Two years ago when we moved from the Seminary campus to Dan's vicarage placement in Iowa, we knew we needed to make a change in how we were schooling Emily. While I consider myself reasonably intelligent (no snickering), I became aware that it would be a daunting task to academically challenge my more than reasonably intelligent daughter through high school. While in St. Louis at the Seminary, we were fortunate to meet Joanna Hensley, who is one of the online instructors for Veritas. She was their best marketing ploy in my opinion. If this woman was representative of the quality of teachers being hired by this up-and-coming-technologically-suped-up-online-classical-school... sign us up.

     In August of 2008 we enrolled Em in three of the online classes, but because of the late date, she would only be able to participate fully in one of the three classes. The other two she would "audit". This meaning that she could watch the live class, but could not answer questions, "raise" her hand, or submit work to be graded. She would however get to benefit from class discussion and wisdom of the teachers. One of the classes she was auditing was an Omnibus Primary class. This "3 in 1" of Literature, Theology, and History involved mounds of reading and oodles of great discussions... just what Em was looking for. However, telling my daughter that she couldn't participate in heated theological debates in class was like telling a starving man he could only watch through a window as others feasted at a banquet! Regardless, she was hooked.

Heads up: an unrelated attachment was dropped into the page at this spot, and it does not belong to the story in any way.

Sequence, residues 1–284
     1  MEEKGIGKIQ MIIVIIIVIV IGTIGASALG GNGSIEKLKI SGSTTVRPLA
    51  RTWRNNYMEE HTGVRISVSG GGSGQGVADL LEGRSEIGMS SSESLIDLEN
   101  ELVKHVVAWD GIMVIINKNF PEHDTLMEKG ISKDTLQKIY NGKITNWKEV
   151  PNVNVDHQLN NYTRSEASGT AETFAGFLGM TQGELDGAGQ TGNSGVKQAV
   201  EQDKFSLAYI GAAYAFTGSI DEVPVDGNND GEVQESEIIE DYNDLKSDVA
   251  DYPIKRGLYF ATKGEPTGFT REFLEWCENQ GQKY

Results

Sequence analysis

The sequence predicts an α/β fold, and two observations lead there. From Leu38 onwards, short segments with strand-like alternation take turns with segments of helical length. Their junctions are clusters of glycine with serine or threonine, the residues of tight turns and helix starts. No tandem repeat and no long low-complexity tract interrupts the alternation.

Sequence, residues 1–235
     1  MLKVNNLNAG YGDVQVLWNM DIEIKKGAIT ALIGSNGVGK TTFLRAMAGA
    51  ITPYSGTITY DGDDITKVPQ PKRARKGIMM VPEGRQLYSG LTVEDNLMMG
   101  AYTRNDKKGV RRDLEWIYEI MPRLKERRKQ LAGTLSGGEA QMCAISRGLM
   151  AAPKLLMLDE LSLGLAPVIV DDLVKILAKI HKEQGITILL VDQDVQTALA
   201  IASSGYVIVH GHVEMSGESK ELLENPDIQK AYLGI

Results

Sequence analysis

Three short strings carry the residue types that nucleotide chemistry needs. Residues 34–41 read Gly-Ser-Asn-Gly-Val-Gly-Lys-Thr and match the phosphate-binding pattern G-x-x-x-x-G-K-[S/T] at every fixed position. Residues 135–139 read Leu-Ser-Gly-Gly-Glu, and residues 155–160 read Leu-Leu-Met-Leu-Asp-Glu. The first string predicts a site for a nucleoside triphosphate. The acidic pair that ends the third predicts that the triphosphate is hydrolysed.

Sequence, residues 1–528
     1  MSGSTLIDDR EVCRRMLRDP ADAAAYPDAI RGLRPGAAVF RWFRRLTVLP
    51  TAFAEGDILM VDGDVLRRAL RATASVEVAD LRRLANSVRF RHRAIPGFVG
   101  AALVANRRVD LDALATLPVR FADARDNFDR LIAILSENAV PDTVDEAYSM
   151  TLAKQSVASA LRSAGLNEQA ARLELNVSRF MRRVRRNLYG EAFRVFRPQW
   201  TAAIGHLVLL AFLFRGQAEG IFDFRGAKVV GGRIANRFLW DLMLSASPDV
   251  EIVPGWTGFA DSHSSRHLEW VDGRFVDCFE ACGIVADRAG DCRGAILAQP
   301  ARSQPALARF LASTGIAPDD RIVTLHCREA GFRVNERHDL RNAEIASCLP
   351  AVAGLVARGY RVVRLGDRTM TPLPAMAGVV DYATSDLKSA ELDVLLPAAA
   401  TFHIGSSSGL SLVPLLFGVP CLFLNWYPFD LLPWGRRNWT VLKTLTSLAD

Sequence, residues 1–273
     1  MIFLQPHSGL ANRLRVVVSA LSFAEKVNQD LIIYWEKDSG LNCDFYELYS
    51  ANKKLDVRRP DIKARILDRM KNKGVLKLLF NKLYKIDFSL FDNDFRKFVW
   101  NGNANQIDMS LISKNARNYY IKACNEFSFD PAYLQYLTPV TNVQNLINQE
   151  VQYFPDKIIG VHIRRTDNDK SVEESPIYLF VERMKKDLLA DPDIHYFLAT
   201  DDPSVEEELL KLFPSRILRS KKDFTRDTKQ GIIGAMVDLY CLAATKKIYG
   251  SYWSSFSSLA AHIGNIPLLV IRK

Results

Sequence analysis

It's been fascinating for us to see just how a "virtual" school can give our daughter such a concrete experience like it has. She's had classmates in our kitchen working on science labs.. goggles and all, via skype. She has assembled power point presentations for classes with classmates thousands of miles away. And walking into her room at any given time, I can hear, "Hello Mrs. Pool," from any number of kids, their beaming faces coming in clear over the video cam. She's used her computer to reach across the world... literally. She has made friends from Belgium to Mexico City, from Sri Lanka to Alabama, San Francisco to Bermuda... all through a computer screen. And these "virtual" friendships are anything but virtual. They are quite real.

Back to the present:

     This past weekend our family has enjoyed the End of the Year Gathering hosted by VPSA in Lancaster, Pennsylvania. This event is an opportunity for the students, teachers and parents to meet "in real life". The kids get ridiculously excited at the prospect of meeting their best friends for the first actually hug and confirm each other's existence beyond a monitor screen. It takes a minimal amount of time for newness to wear off, and although they have only just officially met, their relationships really continue from the last time they logged out of cyberspace.
   Yesterday, we said our goodbyes and it was quite emotional to watch as the tears flowed.  Each student headed home to climb back into their electronic boxes miles away from each other. I know Em will be sore for several days, and the ache of not having her friends within arm's reach will slowly dissapate into her normal rythym of life.  But there is no escaping the impact they have had on her. 

And we are thankful. 
Thankful for like-minded parents.  Thankful for teachers committed to excellence.  Thankful for administrators who look at our children and see potential and promise.  Homeschooling was never about doing it on our own or being renegades.  It has always been about discerning what is God's best for our children.  Thank you Veritas for being the best for my daughter.  We are grateful beyond words.

Emilyann's Parents.